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Could light be the answer to the future of more energy-efficient and faster computing?

Today, our collaborative team of scientists led by Oxford and IBM Research-Zurich, with colleagues at Exeter and Munster, published a new research paper that points to its potential. Together we have developed an all-optical approach to developing direct in-memory multiplication on an integrated photonic device based on non-volatile multilevel phase-change memories. Electronic phase change memory (PCM) is an emerging non-volatile memory technology that could play a significant role in future computing systems. Using integrated photonic technology will potentially offer attractive solutions for using light to carry out computational tasks on a chip in future.

This concept of implementing in-memory computing on an integrated photonic chip has the ability to further transform the computing landscape, especially since speeds and bandwidths working directly on an optical domain are increased. In a nutshell, this means faster detection, expanded operations, and decreased energy consumption.

Our work is featured in the current issue of the peer-reviewed journal Science Advances.

Overcoming the challenges

Direct multiplication on a photonic chip

In recent years, integrated photonic memories have been widely investigated. However, researchers have not been able to overcome the challenges pertaining to energy switching, speed, and detection latency that arise when carrying out computational tasks on the same device simultaneously implementing memory function. Our research team set out to address these very challenges—a task we accomplished with success.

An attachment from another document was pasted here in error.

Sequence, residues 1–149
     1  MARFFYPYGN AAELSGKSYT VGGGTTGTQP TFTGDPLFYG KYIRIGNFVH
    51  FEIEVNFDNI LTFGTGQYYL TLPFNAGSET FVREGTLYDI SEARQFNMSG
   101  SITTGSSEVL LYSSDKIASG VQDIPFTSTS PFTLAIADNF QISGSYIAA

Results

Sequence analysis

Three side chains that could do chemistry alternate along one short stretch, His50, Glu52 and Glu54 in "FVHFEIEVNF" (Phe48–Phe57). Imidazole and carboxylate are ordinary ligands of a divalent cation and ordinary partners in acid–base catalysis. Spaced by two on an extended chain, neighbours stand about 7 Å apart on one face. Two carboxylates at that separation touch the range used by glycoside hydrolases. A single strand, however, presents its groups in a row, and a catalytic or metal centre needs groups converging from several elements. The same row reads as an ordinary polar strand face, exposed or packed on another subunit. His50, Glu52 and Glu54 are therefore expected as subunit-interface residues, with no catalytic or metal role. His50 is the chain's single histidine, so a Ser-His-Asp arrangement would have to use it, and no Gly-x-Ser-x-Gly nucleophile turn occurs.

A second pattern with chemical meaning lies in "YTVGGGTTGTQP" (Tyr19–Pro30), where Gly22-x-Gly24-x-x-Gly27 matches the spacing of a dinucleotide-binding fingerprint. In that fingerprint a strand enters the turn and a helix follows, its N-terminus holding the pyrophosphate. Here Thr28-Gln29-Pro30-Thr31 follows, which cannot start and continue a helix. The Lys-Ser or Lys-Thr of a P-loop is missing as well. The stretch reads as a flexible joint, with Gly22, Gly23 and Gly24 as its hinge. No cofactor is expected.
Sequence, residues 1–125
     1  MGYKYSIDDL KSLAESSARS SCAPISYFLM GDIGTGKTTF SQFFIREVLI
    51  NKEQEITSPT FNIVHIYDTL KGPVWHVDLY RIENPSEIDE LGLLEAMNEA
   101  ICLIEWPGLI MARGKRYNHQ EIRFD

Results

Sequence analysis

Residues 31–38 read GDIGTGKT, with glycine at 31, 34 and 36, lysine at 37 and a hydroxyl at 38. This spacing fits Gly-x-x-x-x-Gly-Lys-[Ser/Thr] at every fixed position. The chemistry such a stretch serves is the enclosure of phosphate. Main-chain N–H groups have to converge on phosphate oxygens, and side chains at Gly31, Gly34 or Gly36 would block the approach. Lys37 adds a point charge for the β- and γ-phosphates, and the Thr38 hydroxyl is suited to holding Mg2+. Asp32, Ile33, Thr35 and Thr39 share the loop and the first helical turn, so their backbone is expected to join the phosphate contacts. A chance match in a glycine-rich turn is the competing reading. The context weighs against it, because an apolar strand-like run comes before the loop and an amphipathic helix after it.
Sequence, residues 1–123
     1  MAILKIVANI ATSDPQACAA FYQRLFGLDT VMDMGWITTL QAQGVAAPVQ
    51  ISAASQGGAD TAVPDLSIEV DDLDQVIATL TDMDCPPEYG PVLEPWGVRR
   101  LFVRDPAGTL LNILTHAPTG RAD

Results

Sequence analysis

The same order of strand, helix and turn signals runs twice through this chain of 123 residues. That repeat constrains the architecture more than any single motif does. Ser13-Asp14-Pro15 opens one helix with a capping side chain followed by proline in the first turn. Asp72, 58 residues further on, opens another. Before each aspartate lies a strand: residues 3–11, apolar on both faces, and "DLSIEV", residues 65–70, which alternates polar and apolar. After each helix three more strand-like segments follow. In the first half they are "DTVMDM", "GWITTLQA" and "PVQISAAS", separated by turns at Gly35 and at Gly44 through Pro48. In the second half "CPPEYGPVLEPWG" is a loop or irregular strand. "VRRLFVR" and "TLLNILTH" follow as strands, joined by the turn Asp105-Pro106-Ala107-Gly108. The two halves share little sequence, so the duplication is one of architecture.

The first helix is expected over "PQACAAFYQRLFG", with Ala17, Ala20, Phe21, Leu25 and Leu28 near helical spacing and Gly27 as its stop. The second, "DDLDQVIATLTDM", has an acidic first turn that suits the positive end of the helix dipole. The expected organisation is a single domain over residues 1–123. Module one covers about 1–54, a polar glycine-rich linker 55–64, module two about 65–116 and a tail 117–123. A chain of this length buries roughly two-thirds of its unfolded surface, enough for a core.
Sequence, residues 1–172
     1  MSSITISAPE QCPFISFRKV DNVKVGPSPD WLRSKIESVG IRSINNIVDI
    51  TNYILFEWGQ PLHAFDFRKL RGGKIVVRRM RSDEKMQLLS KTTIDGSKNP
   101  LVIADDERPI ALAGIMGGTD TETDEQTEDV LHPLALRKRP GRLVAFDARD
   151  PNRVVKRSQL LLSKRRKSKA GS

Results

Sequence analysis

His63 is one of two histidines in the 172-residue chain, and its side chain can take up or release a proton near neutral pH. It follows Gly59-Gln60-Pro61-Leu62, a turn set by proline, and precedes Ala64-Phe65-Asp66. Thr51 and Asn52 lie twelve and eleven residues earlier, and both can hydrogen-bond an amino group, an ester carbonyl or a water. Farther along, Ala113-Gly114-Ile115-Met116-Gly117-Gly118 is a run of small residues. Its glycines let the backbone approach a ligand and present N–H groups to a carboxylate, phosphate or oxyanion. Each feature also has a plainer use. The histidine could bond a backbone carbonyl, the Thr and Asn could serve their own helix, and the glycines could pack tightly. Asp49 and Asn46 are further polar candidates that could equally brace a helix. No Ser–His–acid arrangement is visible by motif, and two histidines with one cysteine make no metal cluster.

In our work, we demonstrate the first instance of a photonic computational memory for direct scalar multiplication of two numbers, using a single integrated photonic memory change cell­. Our device relies on the distinct interaction of two pulses, both of which represent a number to be multiplied. One pulsation gives energy above the switching threshold to induce structural changes in the material, and the other below in an integrated photonic waveguide. Going a step further, we then used non-volatile photonic elements based on the phase change material (Ge2Sb2Te5) to achieve direct scalar and matrix-vector multiplication.

Photonic advantages
In-memory computing already breaks the processor-memory dichotomy allowing processing to take place in the memory elements. An electrical implementation of such a system is able to carry out complex tasks such as scalar multiplications, correlation detection, and compressed sensing recovery. Moving from an electrical to an optical domain has even more advantages. In photonic implementations of in-memory computing on an integrated photonic chip, not only do speed and bandwidths increase, detection latency also improves as processing takes place directly on an optical domain using light.

Essentially, our findings confirm the potential of phase-change materials in photonic hardware. We prove that it is possible to combine integrated optics with collocated data storage and processing to enable all-photonic in-memory computations. And by optimizing the ratio of memory cell size to pulse width in our integrated photonic device, we were able to significantly decrease energy consumption. This enables pulse-shaping routes and optimizes the device design to make further gains in energy and speed.

The big picture
Our all-optical approach is not only unique, it is also easy to fabricate and operate. Moreover, it sets the stage for developing fully photonic operating computers. In the grand schemes of things, our work represents a key milestone for optical processing in memory. What’s more, matrix-vector multiplication operations using multiple phase memory cells have the potential to underpin key processing operations in computational areas such as big data analytics and artificial intelligence. But the list does not stop there. Such an architecture could efficiently solve systems of linear equations and advance various other emerging computational areas, including machine learning and deep learning. The next step is to figure out how to neatly scale up matrix sizes on photonic chips — a challenge we are working on right now.”

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